|© UNICEF video/2009|
|A vaccination campaign in disaster-hit areas of Samoa aims to protect children from preventable diseases such as measles.|
By David Youngmeyer
APIA, Samoa, 2 November 2009 – UNICEF and the World Health Organization (WHO) are giving full support to a nationwide measles and vitamin A immunization campaign by the Samoan Government. The campaign aims to protect more than 32,000 children in the wake of the recent tsunami here.
The six-week campaign started on 26 October in the tsunami-affected districts of Lalomanu and Poutasi. It aims to immunize the most at-risk group of children – those between the ages of six months and five years.
UNICEF is providing essential equipment for the campaign, including vaccines, vitamin A supplements, syringes and safety boxes, as well as cold-chain equipment that is needed to keep vaccines at a constant temperature in the tropical heat. The Samoan National Health Service is conducting the campaign in conjunction with the Ministry of Health and providing trained health workers to administer the vaccinations.
Keeping children safe
UNICEF Health and Nutrition Consultant Philip Mann notes emergencies such as the tsunami that hit Samoa on 29 September can compromise the health of children, rendering them very susceptible to disease.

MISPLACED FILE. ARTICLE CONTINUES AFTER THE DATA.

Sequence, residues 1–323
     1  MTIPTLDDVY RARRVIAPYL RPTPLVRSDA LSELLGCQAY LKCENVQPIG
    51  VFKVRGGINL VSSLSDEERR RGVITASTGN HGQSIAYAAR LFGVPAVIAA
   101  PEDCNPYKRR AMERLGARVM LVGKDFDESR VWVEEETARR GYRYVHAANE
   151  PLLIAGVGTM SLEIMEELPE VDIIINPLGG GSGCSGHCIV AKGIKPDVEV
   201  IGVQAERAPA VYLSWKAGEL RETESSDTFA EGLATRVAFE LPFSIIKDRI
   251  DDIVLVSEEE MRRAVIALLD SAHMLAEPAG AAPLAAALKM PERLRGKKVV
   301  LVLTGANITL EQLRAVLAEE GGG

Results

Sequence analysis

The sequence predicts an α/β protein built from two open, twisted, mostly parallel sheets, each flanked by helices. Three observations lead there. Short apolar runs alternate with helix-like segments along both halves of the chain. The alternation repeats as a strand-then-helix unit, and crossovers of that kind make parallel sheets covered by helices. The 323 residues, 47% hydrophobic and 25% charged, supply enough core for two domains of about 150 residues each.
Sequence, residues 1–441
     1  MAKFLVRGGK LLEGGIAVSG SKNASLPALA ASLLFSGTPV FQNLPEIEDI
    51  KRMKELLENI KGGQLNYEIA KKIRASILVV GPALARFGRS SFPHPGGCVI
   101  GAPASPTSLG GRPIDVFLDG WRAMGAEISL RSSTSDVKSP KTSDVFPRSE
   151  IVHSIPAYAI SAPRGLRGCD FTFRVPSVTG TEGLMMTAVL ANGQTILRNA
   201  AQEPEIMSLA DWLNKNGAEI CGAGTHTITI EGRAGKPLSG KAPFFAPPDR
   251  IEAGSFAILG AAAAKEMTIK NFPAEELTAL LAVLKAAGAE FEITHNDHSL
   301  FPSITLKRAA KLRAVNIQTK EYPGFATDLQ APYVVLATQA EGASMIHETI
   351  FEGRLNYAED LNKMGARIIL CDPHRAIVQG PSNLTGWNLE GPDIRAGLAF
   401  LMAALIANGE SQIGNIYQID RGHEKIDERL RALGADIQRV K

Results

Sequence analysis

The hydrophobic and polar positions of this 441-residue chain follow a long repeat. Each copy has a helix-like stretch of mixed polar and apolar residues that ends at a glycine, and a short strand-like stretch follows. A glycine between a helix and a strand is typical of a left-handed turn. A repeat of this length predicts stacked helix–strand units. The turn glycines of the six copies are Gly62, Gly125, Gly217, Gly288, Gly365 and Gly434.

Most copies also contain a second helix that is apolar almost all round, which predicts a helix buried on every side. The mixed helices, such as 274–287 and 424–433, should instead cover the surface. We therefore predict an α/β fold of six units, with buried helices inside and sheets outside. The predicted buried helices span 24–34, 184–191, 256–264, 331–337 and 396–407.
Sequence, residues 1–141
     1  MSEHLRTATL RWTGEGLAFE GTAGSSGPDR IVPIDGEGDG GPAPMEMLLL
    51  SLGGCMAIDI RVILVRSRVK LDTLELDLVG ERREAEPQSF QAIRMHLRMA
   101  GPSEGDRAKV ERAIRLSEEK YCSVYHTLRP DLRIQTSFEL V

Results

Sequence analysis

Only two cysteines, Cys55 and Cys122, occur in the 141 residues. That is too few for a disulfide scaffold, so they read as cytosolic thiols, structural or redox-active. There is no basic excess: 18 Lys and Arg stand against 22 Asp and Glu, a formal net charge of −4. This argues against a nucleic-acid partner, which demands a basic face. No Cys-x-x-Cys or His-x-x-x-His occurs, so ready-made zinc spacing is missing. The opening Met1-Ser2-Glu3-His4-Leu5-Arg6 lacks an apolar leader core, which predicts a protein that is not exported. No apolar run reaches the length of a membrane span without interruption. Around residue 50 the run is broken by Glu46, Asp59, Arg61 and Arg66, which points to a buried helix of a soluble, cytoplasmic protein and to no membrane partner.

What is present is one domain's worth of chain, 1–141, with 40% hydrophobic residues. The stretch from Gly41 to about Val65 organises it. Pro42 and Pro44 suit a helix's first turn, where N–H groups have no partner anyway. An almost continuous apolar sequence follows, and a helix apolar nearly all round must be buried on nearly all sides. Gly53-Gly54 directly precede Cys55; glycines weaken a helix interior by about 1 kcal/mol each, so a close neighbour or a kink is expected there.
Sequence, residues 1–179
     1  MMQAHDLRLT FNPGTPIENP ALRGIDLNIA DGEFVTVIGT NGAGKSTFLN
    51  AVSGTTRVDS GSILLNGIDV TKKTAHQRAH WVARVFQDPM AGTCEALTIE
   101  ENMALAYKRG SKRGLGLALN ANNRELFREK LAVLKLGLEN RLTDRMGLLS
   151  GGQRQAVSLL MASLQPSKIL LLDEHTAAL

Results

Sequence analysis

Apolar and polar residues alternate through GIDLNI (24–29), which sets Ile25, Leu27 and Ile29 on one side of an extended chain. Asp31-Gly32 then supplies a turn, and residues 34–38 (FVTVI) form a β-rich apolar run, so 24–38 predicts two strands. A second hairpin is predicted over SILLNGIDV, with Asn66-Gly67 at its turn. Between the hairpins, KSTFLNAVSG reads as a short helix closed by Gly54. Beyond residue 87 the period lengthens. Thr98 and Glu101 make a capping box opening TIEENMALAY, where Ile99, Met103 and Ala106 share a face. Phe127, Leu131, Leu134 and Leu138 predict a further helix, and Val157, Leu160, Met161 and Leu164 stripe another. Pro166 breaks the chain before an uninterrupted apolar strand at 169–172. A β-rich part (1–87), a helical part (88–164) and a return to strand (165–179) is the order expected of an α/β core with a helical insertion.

“A national campaign is important because it reduces the likelihood of any individual measles case spreading to other children – keeping the population safer. A mass vaccination campaign is also among the most cost-effective preventive public health measures available,” he says.
Vitamin A is administered along with the measles vaccination; it has been proven to significantly increase children’s resistance to infection, particularly measles and diarrhoeal diseases.
About 30 senior nursing staff – two from each district in Samoa, including volunteers from the private sector – were briefed on the management of syringes and treatment of adverse affects, as well as logistics and follow-up monitoring and evaluation. The senior nurses then returned to their own districts to brief local nurses who are helping to conduct the campaign, which is being promoted by radio advertisements.